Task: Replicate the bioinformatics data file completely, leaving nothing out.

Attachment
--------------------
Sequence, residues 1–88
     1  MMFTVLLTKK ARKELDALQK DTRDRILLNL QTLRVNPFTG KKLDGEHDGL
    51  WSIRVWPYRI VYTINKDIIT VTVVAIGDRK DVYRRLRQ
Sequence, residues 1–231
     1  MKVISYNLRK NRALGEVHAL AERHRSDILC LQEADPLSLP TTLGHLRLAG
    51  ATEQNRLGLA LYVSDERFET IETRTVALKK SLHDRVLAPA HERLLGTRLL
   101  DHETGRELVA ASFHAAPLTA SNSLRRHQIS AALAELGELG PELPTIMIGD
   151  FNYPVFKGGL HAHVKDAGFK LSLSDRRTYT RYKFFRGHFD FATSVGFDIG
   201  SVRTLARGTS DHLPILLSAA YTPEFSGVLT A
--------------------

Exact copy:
Sequence, residues 1–88
     1  MMFTVLLTKK ARKELDALQK DTRDRILLNL QTLRVNPFTG KKLDGEHDGL
    51  WSIRVWPYRI VYTINKDIIT VTVVAIGDRK DVYRRLRQ
Sequence, residues 1–231
     1  MKVISYNLRK NRALGEVHAL AERHRSDILC LQEADPLSLP TTLGHLRLAG
    51  ATEQNRLGLA LYVSDERFET IETRTVALKK SLHDRVLAPA HERLLGTRLL
   101  DHETGRELVA ASFHAAPLTA SNSLRRHQIS AALAELGELG PELPTIMIGD
   151  FNYPVFKGGL HAHVKDAGFK LSLSDRRTYT RYKFFRGHFD FATSVGFDIG
   201  SVRTLARGTS DHLPILLSAA YTPEFSGVLT A